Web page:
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Intel's Core 2 architecture was first seen in mobile form on an Apple notebook and this week Intel unveiled it for servers in their Xeon 5100 series processors previously known as "Woodcrest". I look at what's the thinking behind Intel's new architecture that aims to power Intel's entire range of processors for the next few years.

Truth be told Intel's Core architecture can't arrive soon enough as Intel, by their own admission were being beaten the lucrative enterprise and desktop markets. Although holding strong through the Centrino branding in notebooks, Intel knew they had to change step and quickly. The Core 2 architecture is a radical change from Intel's past. The paradigm is now work smarter, not harder.

Yet to debut on the desktop, Intel have launched Core 2 first for notebooks and now for the enterprise sector in the form of dual core Xeons. The investment in servers made by medium and large businesses dwarfs most people's vision of cheap and cheerful desktops. So when one of Intel's Group marketing director Rick Skett, admits having a poor performer in this market you know something is really wrong. Intel wants Core 2 to address performance and efficiency in desktop, mobile and servers so one core fits all.

What makes Core 2 interesting is that it was designed using technology from Intel's highly successful mobile processors named "Napa". The primary goal with mobile processors is to maximise power per watt and this has been brought into the server and desktop arena. Although power consumption of desktops is something that has recently been thrust into the spotlight, it's importance in mobile and enterprise are well known and became a huge battleground for chip manufacturers.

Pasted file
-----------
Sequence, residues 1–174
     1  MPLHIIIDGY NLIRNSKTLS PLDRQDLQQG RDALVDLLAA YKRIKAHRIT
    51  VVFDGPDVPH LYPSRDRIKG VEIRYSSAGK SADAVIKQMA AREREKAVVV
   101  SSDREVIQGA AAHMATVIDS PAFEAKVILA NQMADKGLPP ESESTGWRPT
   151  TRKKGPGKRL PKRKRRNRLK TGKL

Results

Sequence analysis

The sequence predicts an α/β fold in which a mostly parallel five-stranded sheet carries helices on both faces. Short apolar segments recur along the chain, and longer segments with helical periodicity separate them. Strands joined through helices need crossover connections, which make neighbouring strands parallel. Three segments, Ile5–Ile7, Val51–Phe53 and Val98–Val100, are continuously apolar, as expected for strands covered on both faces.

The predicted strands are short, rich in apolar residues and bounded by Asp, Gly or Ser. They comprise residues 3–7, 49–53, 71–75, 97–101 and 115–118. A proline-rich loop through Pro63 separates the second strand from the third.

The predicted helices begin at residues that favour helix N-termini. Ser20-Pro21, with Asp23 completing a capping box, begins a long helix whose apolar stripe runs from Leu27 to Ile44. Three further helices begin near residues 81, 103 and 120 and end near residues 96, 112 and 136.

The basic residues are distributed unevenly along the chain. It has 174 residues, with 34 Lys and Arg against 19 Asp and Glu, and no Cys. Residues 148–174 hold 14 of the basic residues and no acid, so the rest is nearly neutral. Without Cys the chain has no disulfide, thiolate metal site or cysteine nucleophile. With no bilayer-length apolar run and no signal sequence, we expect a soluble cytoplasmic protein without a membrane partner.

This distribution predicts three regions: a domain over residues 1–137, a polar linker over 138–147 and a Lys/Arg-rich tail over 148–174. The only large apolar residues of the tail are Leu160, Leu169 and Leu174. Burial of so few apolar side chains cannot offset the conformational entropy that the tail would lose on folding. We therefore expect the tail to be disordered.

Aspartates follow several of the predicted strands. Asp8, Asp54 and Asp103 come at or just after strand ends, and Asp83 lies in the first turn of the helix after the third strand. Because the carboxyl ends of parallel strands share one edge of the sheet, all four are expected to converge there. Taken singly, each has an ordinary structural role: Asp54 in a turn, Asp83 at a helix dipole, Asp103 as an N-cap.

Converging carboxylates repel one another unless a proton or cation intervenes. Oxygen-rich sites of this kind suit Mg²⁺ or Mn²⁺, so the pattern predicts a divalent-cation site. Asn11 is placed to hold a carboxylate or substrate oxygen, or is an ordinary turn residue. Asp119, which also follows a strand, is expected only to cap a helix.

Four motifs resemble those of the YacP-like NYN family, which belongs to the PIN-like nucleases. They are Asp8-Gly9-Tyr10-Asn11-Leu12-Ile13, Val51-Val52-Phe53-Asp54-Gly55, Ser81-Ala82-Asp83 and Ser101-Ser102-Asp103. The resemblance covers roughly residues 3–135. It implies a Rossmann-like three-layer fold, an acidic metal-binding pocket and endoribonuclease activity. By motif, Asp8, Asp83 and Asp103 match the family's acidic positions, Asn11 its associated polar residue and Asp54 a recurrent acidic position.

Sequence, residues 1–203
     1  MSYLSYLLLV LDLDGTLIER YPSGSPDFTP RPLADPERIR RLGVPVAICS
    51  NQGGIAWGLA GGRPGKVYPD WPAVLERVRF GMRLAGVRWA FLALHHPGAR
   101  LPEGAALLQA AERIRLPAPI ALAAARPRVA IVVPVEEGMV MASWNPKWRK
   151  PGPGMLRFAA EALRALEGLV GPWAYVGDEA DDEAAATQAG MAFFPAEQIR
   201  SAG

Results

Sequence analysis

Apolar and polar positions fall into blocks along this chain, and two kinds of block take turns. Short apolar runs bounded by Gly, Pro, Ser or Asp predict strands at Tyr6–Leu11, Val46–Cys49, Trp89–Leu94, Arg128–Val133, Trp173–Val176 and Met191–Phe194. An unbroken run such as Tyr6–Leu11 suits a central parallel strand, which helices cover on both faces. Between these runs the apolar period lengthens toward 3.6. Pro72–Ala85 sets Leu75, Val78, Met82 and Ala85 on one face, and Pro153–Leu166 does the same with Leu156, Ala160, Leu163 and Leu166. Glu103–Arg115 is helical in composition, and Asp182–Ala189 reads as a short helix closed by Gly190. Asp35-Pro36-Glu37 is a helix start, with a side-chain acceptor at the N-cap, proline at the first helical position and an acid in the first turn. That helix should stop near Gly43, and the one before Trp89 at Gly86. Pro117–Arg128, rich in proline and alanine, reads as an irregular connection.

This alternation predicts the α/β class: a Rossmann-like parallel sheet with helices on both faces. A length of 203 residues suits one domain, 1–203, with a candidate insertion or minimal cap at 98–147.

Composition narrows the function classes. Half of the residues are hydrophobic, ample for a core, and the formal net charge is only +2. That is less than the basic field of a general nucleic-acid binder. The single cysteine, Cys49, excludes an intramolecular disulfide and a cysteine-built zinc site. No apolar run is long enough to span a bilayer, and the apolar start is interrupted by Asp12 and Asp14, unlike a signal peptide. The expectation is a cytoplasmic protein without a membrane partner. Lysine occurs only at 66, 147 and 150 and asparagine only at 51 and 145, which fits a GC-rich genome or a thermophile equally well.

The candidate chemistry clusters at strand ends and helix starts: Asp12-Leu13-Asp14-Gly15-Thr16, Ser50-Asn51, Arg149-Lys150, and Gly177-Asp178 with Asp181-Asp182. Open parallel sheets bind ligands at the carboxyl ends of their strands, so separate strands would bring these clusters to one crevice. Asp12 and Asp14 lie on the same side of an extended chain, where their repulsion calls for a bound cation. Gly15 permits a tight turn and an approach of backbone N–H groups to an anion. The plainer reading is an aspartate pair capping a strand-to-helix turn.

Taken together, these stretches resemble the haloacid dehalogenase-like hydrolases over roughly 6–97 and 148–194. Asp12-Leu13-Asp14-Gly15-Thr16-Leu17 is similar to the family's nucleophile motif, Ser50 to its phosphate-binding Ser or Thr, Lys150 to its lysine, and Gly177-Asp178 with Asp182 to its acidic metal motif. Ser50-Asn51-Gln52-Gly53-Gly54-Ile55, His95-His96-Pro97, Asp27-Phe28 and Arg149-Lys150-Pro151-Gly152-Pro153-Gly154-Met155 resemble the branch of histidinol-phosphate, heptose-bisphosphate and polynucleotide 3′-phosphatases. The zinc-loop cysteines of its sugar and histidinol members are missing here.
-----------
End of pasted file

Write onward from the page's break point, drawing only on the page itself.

The problem faced by any company who utilizes a datacenter (including UK Gamer) is the inability to fill rack cabinets with servers because the datacenter isn't able to provide enough power. In a full cabinet (known as a rack) there are 42 rack units, commonly abbreviated to "u". For reference, each "u" is about the same height as a CD-ROM drive or 5.25" drive. With more than half the rack being left empty it has a serious effect on the company's bottom line.

Unlike desktop machines, servers don't have video cards which consume 150+ watts of power, so the CPU is the main power draw (alongside hard disk drives). Intel's own studies have shown that server customers can end up paying more in electricity bills through the lifetime of the server than for it's initial purchase. Therefore Intel have coined a new efficiency term for servers, performance per watt per foot in their drive to push as many Xeons into a small a datacenter footprint as possible.

So how will Core 2 help? Based on a 65 nanometre process Intel are saying that they are able to fit two cores and draw exactly the same power as their previous single core processors. This fact was echoed by representatives from IBM and SGI although contradicted in the press release where Kirk Skaugen, VP of Intel's Server Platform Group states a 35% decrease in power.

In many ways Intel have actually taken one step back and two forward. Coupled to the new manufacturing process, more efficient design and by shaving the voltage required by the processor, a 35-50% decrease in power per core is achieved but surprisingly a 20% decrease in performance is attained as well. The decrease in itself is almost balanced out by the fact that each processor will have two cores.